Sub-section (2) of Section 28, however, indicates one exception to the above rule that the arbitrator cannot enlarge the time, and that is when the parties agree to such an enlargement The occasion for the arbitrator to enlarge the time occurs only after he is called upon to proceed with the arbitration or he enters upon the reference. Hence it is clear that if the parties agree to the enlargement of time after the arbitrator has entered on the reference, the arbitrator has the power to enlarge it in accordance with the mutual agreement or consent of the parties. That such a consent must be a post-reference consent, is also clear from Section 28(2) which renders null and void a provision in the original agreement to that efiect. In a sense where a provision is mad; in the original agreement that the arbitrator may enlarge the time, such a provision always implies mutual consent for enlargment but such mutual consent initially expressed in the original agreement does not save the provision from being void. It is, therefore, clear that the arbitrator gets the jurisdiction lo enlarge the time for making the award only in a case where after entering on then arbitration the parties to the arbitration agreement consent to such enlargement of time.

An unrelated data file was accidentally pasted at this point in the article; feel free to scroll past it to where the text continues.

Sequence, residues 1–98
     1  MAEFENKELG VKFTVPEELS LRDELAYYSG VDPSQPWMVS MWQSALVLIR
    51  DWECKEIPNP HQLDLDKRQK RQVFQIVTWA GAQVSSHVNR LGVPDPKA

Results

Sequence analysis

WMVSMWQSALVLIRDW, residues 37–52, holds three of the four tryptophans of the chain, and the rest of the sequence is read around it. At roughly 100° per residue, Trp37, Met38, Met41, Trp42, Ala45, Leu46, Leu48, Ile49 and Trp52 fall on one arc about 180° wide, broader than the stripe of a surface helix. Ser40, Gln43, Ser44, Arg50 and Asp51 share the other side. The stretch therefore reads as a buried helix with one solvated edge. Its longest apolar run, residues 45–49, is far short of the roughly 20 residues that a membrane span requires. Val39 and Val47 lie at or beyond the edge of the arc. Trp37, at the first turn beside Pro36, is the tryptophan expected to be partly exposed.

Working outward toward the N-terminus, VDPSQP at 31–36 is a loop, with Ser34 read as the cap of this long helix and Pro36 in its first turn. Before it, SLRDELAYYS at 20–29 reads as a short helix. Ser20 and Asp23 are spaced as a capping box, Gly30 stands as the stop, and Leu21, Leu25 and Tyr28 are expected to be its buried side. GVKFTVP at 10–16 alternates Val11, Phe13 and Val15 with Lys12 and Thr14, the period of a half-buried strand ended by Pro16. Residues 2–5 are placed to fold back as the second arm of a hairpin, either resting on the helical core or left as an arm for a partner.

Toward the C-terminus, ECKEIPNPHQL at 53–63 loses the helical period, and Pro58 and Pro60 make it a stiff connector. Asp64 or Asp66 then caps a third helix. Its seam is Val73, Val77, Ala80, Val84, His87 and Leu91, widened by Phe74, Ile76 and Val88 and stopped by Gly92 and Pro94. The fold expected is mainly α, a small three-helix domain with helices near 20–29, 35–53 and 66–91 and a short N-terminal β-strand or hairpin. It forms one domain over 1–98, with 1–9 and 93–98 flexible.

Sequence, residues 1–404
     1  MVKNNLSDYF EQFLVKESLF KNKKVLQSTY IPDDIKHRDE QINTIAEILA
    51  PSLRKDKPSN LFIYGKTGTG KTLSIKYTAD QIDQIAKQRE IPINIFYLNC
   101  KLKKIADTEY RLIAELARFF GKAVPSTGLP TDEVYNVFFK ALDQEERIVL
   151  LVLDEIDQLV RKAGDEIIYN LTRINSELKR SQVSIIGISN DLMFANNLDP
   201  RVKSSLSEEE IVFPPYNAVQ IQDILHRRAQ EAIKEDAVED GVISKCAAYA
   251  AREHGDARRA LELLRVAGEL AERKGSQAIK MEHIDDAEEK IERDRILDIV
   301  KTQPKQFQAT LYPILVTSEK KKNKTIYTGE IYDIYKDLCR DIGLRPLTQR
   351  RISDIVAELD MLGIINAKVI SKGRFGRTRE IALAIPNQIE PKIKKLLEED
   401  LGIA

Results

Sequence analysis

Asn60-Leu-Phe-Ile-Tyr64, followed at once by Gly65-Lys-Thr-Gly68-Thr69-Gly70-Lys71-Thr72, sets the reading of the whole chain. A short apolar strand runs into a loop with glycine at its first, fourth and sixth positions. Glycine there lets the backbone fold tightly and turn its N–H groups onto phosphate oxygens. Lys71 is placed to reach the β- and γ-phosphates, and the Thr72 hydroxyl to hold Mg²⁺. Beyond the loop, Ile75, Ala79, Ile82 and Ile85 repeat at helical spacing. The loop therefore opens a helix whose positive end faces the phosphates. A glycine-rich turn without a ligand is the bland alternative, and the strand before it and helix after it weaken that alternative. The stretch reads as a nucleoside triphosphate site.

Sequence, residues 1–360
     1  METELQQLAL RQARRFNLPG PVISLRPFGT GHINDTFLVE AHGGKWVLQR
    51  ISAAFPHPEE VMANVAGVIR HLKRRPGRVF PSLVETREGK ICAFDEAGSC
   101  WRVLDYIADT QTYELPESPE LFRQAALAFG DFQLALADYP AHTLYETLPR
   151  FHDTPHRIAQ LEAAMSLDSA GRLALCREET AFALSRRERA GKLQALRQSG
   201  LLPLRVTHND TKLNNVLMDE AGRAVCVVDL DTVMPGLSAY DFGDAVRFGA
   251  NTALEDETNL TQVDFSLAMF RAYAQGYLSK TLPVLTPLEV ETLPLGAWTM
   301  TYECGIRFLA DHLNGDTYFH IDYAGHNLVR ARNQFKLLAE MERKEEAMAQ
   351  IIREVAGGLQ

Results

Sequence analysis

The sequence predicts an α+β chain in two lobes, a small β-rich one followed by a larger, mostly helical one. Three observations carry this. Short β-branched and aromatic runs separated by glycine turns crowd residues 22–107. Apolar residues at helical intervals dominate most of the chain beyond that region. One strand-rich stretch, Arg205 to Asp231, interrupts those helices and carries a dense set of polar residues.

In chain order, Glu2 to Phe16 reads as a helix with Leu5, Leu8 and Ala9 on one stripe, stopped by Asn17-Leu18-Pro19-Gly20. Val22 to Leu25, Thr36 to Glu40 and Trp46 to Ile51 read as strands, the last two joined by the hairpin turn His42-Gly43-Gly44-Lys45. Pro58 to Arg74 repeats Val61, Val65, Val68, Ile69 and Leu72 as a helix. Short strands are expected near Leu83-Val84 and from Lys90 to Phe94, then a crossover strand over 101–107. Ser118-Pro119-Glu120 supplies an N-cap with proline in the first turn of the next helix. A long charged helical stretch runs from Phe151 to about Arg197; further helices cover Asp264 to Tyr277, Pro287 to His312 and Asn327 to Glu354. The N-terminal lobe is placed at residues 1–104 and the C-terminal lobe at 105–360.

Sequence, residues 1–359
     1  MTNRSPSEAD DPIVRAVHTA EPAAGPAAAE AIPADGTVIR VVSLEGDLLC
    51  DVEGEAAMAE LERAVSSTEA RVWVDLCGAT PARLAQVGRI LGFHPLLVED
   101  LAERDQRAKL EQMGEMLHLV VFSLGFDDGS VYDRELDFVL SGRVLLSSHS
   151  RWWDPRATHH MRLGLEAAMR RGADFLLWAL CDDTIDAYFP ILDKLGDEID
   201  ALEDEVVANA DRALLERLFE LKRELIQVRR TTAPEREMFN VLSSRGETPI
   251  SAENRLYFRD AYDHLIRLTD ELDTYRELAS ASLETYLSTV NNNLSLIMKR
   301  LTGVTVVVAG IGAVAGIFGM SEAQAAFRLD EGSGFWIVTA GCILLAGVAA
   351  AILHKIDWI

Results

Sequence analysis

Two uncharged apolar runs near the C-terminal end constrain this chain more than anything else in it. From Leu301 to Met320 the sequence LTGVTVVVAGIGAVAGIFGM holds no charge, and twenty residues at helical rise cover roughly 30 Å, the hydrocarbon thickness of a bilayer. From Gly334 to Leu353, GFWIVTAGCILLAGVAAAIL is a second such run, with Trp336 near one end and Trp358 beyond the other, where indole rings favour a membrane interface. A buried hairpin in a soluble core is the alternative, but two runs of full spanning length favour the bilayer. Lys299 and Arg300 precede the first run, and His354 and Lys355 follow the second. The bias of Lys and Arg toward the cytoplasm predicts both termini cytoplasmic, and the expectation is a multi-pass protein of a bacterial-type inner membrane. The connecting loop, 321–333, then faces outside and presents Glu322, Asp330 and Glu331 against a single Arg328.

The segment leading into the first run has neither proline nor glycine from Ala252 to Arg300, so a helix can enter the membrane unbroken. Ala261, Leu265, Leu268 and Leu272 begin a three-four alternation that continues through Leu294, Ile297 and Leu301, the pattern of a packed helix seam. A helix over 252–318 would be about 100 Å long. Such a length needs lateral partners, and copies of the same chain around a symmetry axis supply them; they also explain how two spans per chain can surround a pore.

15. The next question that crops up for consideration is what will be the effect if a party to the arbitration took part in the proceedings before the arbitrator even after the expiry of four months, that is, the period prescribed for giving the award Some High Courts have taken the view that in such a situation the condition of four months period will be deemed to hove been waived. Such a view has been taken by the Allahabad High Court in Shombhu Nath v. Surja Dcvi : AIR1961All180 . A learned Single judge of that High, Court observed :

A party to an arbitration agreement who voluntarily takes part in the arbitratin proceedings after the expiry of four months will be deemed to have waived the implied condition as lo time.

16. A similar view has been taken by the Madhya Pradesh High Court in Shivlal v. Union of India : AIR1975MP40 in CkuwsIi Chandra v. Artatrana : AIR1965Ori17 a single Judge of the Orissa High Court observed :

if the parties, after the expiry of four months, submit themselves to the jurisdiction of the arbitrators and take part in the proceedings enabling them to pass an award, it cannot be said that the arbitrators acted without jurisdiction. In such a contingency, the principle of waiver and estoppel would have full application.